It’s now just a matter of days until the new single-tier pension, first unveiled in early 2013, becomes reality.
Astonishingly, and alarmingly, many of those directly affected by the transition have been given no idea what to expect from their state pension. What we do know for certain is that the government has made a pig’s ear of communicating the changes, and that an awful lot of people are in for a nasty shock as a result.
The abject failure to set out clearly the implications of the biggest state pension reform in decades is little short of a scandal.
When I wrote about this a year ago I was told by the Department of Work and Pensions (DWP) that I’d been unfair and that it was getting its act together. Of that there has been little evidence.
Just how badly the changes have been managed is underlined by two new reports. The first, from the National Audit Office (NAO), focuses on the impact on people with guaranteed minimum pensions (who have contracted out of additional or second state pension arrangements).
It said the government had failed to give those people the information they need and provided only limited details on the ways in which they could lose out under the new arrangements.
This suggests government departments believed their own hype about the single tier pension being more simple and making it easier for people to work out what they’ll get.
It was more than a year after the unveiling of the new system before the DWP admitted that the message that everyone with 35 years of national insurance contributions (NICs) would get the new pension in full wasn’t quite accurate.
The reality is that those NICs had to be paid for 35 years at the full rate to qualify for the new single tier payment (of £155.65 a week). This is the main reason why almost seven in ten claimants in the first four years of the single tier pension will get less than the flat rate, according to the Institute for Fiscal Studies.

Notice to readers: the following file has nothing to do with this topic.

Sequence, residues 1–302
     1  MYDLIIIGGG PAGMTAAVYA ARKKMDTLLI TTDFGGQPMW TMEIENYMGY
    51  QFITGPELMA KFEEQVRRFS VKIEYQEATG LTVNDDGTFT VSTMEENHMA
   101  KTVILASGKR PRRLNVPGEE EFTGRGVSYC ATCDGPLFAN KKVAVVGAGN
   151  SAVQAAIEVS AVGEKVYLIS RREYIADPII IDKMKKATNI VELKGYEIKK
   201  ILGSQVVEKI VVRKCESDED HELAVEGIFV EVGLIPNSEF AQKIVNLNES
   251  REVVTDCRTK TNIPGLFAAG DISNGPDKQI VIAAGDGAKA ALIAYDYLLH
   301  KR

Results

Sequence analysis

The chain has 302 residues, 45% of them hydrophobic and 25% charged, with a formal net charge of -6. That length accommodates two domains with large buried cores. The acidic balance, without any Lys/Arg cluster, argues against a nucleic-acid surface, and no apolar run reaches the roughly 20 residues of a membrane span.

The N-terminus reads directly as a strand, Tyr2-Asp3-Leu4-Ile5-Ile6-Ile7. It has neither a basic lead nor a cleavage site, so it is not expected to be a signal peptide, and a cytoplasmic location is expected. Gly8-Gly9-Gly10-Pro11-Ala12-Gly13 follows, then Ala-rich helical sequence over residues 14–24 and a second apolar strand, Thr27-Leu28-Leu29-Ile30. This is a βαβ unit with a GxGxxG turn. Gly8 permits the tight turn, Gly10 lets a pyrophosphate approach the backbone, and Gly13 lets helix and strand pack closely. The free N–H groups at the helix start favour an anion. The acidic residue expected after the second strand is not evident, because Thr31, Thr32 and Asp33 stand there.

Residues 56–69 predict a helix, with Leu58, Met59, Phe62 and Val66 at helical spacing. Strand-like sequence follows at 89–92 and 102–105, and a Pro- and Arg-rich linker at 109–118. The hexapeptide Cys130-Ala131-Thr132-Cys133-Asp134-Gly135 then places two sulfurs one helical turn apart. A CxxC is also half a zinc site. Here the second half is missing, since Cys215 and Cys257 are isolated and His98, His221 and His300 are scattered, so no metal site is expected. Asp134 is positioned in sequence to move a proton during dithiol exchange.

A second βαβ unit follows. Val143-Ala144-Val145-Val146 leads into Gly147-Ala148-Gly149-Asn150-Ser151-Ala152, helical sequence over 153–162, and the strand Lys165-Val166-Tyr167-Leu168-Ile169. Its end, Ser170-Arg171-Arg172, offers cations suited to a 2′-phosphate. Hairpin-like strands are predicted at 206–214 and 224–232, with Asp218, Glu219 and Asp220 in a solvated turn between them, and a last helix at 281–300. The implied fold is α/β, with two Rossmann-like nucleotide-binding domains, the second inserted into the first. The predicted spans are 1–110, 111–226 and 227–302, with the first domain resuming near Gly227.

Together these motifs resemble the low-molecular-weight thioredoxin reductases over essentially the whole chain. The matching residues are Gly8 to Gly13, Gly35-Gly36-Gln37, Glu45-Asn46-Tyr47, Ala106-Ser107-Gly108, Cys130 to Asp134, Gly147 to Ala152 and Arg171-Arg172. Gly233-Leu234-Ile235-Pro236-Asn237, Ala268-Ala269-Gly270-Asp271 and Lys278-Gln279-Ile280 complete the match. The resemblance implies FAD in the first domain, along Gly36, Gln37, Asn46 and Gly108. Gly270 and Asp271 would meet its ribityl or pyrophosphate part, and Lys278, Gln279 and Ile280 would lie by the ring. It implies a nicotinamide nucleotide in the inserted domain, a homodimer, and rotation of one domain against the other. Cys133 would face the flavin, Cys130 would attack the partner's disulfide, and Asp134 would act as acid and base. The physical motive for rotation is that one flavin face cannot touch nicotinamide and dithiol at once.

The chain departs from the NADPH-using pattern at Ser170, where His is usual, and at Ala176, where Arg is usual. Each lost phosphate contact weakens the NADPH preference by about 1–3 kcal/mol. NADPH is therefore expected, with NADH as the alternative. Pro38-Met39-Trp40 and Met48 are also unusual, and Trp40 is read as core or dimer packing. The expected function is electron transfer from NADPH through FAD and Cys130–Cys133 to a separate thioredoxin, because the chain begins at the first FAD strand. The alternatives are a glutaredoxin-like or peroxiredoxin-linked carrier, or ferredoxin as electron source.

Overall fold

The government has had nearly two years to get that message right, but it has failed miserably. A fact sheet issued last year on the implications for those who had contracted out was “barely intelligible”, according to one pensions expert. No wonder pensions minister Ros Altmann was forced to admit the deal was mis-sold by the government.
Another report, published today by the Commons Work and Pensions Select Committee, accuses the government of oversimplifying the message about the flat rate.
It says the DWP should now write to those who stand to receive less in the early years of the new state pension and “clearly set out the person’s circumstances, the projected entitlements and the means of improving them”.
It also wants the government to provide a new helpline service for those people, so they can work out ways of increasing their entitlement. Unfortunately, the government has fallen so far short in communicating the changes that there’s little hope of it getting it right now. Perhaps it’s just another reflection of a government so out of touch that the notion of depending on the weekly state pension for shelter, food and heat just seems outlandish.
Thousands retiring over the coming months will get a nasty shock when they find out they won’t be getting the state pension they expect.